- a small body of standing water; pond.
- a still, deep place in a stream.
- any small collection of liquid on a surface: a pool of blood.
- a puddle.
- swimming pool.
- a subterranean accumulation of oil or gas held in porous and permeable sedimentary rock (reservoir).
- to form a pool.
- (of blood) to accumulate in a body part or organ.
- to cause pools to form in.
- to cause (blood) to form pools.
- of or for a pool: pool filters.
- taking place or occurring around or near a pool: a pool party.
Origin of pool1
- Also called pocket billiards. any of various games played on a pool table with a cue ball and 15 other balls that are usually numbered, in which the object is to drive all the balls into the pockets with the cue ball.
- the total amount staked by a combination of bettors, as on a race, to be awarded to the successful bettor or bettors.
- the combination of such bettors.
- an association of competitors who agree to control the production, market, and price of a commodity for mutual benefit, although they appear to be rivals.
- Finance. a combination of persons or organizations for the purpose of manipulating the prices of securities.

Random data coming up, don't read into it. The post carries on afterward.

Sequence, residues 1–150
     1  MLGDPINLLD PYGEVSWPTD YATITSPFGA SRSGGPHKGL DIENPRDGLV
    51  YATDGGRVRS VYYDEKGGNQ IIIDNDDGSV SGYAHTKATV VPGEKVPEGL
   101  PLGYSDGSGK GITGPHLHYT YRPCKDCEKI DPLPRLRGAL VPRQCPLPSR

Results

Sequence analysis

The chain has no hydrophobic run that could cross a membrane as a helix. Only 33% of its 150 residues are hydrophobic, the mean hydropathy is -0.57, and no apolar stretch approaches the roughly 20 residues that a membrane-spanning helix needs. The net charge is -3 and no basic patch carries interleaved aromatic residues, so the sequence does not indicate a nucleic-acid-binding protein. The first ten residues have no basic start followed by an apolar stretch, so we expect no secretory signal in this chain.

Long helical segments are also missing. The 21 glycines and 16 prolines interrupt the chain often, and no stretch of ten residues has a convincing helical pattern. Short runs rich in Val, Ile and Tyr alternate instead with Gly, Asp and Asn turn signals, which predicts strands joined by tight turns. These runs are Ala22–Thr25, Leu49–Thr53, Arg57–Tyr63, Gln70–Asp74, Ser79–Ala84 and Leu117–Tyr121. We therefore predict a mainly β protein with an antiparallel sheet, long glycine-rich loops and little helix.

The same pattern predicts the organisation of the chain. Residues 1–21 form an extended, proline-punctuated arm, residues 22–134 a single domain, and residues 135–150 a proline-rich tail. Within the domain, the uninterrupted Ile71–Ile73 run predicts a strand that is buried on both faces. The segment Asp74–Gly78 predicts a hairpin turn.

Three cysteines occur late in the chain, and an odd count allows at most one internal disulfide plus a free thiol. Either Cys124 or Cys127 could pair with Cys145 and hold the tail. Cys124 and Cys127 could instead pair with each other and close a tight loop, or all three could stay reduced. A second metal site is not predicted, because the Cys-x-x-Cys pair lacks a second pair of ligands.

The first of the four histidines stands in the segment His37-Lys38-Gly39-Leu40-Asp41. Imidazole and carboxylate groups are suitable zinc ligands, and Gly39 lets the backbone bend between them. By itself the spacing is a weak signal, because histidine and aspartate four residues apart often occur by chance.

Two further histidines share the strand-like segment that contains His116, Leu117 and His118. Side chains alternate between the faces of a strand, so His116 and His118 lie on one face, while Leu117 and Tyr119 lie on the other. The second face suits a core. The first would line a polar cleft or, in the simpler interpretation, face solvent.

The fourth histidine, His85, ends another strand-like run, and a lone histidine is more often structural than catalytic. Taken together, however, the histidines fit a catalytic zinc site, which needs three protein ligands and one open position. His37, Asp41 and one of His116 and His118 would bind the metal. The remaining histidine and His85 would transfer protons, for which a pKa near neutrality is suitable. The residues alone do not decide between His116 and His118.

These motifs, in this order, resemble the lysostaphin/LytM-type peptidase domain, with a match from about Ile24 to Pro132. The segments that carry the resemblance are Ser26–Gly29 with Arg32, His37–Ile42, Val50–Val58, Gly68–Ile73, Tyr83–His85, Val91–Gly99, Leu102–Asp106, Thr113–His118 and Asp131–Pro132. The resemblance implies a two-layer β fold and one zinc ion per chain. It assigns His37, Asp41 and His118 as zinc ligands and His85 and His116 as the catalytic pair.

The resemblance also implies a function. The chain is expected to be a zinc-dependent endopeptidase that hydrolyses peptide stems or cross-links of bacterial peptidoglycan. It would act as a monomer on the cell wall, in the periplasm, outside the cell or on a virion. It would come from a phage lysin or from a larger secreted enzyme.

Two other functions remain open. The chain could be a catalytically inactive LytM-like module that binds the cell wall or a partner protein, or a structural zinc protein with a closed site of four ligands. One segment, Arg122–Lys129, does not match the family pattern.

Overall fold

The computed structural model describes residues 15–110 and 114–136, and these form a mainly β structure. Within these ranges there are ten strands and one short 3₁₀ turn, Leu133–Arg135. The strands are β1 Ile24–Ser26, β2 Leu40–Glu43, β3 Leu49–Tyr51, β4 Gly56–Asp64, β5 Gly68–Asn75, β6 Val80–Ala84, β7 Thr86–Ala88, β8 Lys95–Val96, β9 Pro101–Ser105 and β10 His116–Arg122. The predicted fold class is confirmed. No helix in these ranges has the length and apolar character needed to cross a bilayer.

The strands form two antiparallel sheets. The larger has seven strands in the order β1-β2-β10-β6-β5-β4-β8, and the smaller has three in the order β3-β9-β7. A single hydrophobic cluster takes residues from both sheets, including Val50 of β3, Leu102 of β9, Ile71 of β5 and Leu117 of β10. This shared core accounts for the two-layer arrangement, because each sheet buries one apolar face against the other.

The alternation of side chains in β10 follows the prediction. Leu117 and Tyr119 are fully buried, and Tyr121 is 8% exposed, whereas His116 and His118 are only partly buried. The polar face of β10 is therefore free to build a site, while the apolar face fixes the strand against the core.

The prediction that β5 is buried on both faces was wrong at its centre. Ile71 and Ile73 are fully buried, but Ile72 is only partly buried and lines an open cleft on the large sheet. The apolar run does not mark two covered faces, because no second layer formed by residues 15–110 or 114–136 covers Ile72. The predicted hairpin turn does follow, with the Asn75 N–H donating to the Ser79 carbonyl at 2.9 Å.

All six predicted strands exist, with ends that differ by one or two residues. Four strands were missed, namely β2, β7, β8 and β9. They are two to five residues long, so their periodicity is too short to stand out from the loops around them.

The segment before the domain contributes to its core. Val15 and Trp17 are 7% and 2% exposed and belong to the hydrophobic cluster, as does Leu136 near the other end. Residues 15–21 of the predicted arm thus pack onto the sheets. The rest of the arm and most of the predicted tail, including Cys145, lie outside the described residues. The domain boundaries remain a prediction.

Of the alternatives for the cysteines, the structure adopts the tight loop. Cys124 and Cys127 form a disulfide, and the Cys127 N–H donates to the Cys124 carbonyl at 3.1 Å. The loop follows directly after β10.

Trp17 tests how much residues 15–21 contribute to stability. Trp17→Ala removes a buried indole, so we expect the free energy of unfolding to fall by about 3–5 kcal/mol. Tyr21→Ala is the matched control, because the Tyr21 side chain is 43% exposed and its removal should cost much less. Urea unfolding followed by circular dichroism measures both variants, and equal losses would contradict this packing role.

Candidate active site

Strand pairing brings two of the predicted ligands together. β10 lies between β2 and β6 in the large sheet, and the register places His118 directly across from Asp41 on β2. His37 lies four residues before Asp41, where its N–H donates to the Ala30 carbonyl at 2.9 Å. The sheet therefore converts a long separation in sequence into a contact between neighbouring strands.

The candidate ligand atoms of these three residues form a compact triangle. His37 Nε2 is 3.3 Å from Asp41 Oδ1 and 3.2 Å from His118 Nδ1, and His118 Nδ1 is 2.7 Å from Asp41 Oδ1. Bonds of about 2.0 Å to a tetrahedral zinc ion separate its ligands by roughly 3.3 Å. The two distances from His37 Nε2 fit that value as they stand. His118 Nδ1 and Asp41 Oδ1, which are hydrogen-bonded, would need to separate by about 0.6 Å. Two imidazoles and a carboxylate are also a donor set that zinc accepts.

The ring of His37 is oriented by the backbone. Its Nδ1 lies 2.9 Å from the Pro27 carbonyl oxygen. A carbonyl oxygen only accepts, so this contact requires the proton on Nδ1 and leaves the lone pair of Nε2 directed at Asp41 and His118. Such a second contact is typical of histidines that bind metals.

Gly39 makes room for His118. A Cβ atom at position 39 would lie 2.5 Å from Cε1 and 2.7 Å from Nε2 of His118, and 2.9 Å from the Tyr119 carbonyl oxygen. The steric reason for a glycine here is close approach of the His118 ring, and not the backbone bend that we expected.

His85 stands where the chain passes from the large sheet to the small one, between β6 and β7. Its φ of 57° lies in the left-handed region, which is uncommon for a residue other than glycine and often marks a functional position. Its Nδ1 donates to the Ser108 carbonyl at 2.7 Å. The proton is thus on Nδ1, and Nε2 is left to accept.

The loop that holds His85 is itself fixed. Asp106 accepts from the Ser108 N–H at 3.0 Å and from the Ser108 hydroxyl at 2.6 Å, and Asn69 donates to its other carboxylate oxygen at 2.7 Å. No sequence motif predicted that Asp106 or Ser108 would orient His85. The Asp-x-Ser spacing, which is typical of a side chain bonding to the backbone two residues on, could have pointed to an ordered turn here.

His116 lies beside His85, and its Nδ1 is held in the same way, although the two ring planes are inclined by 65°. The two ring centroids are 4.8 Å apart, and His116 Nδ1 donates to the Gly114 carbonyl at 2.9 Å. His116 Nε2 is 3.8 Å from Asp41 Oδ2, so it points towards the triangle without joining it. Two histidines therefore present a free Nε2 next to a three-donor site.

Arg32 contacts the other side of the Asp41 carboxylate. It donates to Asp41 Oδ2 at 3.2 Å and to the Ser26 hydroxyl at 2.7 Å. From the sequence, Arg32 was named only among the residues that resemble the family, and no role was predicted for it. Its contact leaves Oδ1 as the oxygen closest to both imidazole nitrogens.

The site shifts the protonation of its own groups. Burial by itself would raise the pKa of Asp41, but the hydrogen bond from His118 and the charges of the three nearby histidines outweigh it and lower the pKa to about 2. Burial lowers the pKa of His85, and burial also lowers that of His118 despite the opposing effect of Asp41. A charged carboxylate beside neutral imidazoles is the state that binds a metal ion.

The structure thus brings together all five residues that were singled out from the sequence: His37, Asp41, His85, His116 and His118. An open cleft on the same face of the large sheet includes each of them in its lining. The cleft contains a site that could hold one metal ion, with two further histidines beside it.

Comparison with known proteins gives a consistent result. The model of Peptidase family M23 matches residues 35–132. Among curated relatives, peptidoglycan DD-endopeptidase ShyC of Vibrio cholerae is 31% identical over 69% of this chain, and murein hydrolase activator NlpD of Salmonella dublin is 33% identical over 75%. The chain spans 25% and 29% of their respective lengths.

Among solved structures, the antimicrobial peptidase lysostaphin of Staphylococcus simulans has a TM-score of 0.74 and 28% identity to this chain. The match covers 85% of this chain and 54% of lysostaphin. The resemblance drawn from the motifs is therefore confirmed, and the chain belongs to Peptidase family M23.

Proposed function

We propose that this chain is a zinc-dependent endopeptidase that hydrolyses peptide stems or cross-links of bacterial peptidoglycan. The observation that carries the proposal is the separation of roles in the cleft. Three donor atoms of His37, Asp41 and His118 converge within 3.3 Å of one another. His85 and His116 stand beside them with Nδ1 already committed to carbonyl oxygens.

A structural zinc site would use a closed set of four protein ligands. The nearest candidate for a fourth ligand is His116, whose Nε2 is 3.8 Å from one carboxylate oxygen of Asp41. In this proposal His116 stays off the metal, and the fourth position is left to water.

- a combination of resources, funds, etc., for common advantage.
- the combined interests or funds.
- a facility, resource, or service that is shared by a group of people: a car pool; a typing pool.
- the persons or parties involved.
- the stakes in certain games.
- British. a billiard game.
- Fencing. a match in which each teammate successively plays against each member of the opposing team.
- to put (resources, money, etc.) into a pool, or common stock or fund, as for a financial venture, according to agreement.
- to form a pool of.
- to make a common interest of.
- to enter into or form a pool.
- of or belonging to a pool: a pool typist; a pool reporter.
Origin of pool2
Synonyms for pool
Related Words for poolstank, lake, bath, lagoon, pond, basin, puddle, pot, group, merge, splash, mere, tarn, natatorium, millpond, jackpot, provisions, funds, kitty, conglomerate
Examples from the Web for pools
Contemporary Examples of pools
ISIS could—and very much wanted to—“transform Iran into pools of blood,” Adnani said.Iran Says It’s Under Attack by ISIS